As a banker, I come across a lot of business owners who have been denied a loan request from their bank because of insufficient documentation. In a state of confusion and not really understanding what banks really need from them, they commonly ask this question, What do banks want to see when I am applying for a business loan?

Although the answer can’t be black or white because each bank has its own credit policy which will mandate the documentation required for them based on specifics such as the type of loan, amount, your credit, type of property if there is real estate, etc.

However, there are a few items that are standard within the financing community that a business owner should be prepared to present. One word of caution, make sure they are accurate!  If you present documents to a financial institution and there are inaccuracies, this will cause a great deal of concern for the bank and will make the authenticity of your information questionable.

So here are the top items that banks will want to see from you:

Personal & Corporate Tax Returns: You will normally need to submit three years of these returns, but there are some banks that will accept two years. You need to make sure that you provide all the pages, including all the schedules. Omitting any of these will delay the credit review process. Along with these, the bank may also ask you to sign the IRS Form 4506T. This form provides the bank the authorization to ask the IRS for a transcript of your taxes. Therefore, make sure that the taxes you are providing the bank are the same ones that were filed, but just as important, make sure that your taxes were actually filed before providing them to the bank.

Company Financial Statements:  These are accounting reports that are generated from the information that you, your bookkeeper or accountant, enter into accounting software. These reports reflect the movement of the incoming and outgoing transactions that are associated with your revenues, expenses, costs, depreciation, assets, and liabilities, etc.

The most common financial reports are:

  • Balance Sheet
  • Profit & Loss Statement
  • Accounts Receivable and Accounts Payable Aging Report

These reports provide the bank with a consolidation of all the financial data on your business. It is extremely important that a professional that understands your business and proper accounting principles maintains this data at least on a quarterly basis. The data from these reports is also utilized to put your taxes together.

Banks will normally request a full year of financial statements, such as the previous year’s, plus a year-to-date report showing the figures for the current year.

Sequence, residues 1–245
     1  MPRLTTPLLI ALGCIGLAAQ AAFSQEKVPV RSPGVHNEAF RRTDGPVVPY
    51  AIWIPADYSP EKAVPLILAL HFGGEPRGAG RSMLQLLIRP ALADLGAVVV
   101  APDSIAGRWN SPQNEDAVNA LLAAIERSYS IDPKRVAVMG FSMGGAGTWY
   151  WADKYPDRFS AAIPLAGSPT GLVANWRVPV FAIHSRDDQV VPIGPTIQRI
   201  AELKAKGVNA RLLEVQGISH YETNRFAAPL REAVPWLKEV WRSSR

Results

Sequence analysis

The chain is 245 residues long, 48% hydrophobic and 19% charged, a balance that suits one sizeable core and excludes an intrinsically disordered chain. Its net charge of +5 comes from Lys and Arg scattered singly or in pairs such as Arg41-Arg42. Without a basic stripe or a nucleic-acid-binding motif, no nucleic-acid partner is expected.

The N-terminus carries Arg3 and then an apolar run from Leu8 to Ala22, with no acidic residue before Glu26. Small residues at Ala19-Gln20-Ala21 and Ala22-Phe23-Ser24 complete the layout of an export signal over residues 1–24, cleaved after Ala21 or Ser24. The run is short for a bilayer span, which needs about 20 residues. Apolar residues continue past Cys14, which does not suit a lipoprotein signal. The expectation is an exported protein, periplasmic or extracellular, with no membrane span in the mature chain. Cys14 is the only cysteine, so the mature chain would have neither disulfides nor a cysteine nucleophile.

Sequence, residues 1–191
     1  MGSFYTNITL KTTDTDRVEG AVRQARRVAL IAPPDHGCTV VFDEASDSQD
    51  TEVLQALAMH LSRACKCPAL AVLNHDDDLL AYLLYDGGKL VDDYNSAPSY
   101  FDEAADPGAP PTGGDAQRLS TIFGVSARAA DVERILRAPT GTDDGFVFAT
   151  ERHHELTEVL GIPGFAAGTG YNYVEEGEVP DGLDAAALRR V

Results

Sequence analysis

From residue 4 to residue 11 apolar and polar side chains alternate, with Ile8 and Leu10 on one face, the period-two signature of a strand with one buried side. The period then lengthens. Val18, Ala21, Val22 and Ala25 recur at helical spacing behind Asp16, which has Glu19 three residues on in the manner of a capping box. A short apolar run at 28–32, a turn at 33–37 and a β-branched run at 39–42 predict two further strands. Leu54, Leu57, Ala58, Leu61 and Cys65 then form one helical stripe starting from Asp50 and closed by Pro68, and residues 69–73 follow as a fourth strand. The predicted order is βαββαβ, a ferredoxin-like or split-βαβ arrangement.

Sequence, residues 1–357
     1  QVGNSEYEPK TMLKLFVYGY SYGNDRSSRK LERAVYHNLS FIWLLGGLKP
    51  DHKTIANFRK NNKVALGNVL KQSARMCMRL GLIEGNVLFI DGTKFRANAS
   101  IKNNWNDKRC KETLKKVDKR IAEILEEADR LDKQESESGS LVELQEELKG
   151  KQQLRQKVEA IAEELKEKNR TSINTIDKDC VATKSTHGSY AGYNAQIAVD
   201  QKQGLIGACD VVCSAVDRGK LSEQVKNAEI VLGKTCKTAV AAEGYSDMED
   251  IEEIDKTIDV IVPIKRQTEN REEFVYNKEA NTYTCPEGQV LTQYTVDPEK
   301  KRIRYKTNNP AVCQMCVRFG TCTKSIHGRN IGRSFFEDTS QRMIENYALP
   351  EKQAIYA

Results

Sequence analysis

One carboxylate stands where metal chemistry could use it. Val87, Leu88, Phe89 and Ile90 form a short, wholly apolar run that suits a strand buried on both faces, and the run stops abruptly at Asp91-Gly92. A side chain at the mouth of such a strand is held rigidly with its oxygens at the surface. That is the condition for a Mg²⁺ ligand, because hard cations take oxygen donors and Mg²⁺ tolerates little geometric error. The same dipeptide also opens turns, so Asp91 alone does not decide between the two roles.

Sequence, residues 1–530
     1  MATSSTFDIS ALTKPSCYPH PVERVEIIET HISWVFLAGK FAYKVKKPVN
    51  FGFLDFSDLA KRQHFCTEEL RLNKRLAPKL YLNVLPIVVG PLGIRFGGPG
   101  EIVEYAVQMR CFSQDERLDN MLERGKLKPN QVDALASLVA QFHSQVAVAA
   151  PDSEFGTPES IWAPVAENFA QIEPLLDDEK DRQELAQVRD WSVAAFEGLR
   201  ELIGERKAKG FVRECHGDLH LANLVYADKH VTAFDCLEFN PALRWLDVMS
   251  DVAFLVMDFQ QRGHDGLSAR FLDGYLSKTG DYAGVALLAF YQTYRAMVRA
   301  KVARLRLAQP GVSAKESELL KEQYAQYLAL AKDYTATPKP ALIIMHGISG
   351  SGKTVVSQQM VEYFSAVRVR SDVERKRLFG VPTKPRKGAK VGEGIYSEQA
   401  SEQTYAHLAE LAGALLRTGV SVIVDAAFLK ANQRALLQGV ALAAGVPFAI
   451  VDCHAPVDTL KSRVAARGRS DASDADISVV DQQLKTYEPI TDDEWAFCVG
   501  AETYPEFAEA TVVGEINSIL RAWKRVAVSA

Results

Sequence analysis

Personal Financial Statement: Also known as the PFS, this statement means exactly what its title states. This is a summary of your personal financial data that summarizes your assets and liabilities and establishes your net worth. You will find that each bank has its own PFS model, but in the case of a Small Business Administration (SBA) loan, there is a specific model that the SBA requires.

Debt Schedule:  This is a document that is self-created and its style will be dependent on the financial institution. Basically, this document will request information about the debt that your company currently has. If your company has no debt under its name then you simply write on the document: “None”. If you do have any type of debt, such as a commercial real estate loan, equipment loan, auto loan, line of credit, etc., then you need to list them accordingly. This provides the bank a clear picture as to the existing debt for the business.

As pointed out previously, keeping your companies financial date updated at least on a quarterly basis will make providing this information a breeze.

Keep in mind that the ultimate goal of all of this financial information is to give the bank, and its credit officers, the opportunity to learn about your business and its financial capabilities. Their main objective is to make sure that your business has the ability to repay the loan requested and mitigate any risks associated with your loan. They will get to you know through your paperwork.

In closing, my recommendation is that you know where your company stands financially by getting your company’s books organized and review them with your accountant. Then know how the funds that you are requesting will be specifically utilized and how they will impact your company’s future.

Best of luck!

Article Written by: Marcus Acosta
From Triad Business Concepts
http://www.triadbsuinessconcepts.com/
Direct: 704.965.9882
email: This e-mail address is being protected from spambots. You need JavaScript enabled to view it

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